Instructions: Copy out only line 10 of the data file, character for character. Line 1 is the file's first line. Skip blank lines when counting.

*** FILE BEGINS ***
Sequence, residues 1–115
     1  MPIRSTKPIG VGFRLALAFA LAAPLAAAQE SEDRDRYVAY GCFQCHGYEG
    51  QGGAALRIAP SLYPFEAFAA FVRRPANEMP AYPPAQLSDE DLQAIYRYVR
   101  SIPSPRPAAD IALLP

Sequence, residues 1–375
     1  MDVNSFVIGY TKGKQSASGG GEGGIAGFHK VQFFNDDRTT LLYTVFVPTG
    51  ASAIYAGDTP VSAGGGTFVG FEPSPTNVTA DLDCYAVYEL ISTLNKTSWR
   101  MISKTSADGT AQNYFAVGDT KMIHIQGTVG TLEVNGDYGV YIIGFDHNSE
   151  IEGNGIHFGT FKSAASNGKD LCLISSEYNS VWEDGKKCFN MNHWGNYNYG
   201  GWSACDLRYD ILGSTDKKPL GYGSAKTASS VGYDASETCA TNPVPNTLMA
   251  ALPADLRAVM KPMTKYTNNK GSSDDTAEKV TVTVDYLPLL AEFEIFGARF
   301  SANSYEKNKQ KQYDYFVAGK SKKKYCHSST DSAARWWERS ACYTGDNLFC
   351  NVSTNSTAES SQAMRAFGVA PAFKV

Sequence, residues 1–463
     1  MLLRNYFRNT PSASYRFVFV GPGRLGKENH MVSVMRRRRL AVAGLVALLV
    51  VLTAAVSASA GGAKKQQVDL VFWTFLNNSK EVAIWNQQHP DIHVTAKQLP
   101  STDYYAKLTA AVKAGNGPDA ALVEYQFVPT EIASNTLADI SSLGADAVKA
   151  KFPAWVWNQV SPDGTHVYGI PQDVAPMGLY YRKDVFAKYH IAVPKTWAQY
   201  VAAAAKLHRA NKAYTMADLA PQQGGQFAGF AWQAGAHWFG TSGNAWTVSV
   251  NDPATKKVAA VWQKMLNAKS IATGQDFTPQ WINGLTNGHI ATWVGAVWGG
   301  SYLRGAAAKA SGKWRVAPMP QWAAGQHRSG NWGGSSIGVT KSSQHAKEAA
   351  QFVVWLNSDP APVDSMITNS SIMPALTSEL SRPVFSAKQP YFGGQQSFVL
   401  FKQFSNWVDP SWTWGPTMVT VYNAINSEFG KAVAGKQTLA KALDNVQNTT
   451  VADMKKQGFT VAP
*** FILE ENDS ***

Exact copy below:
   201  GWSACDLRYD ILGSTDKKPL GYGSAKTASS VGYDASETCA TNPVPNTLMA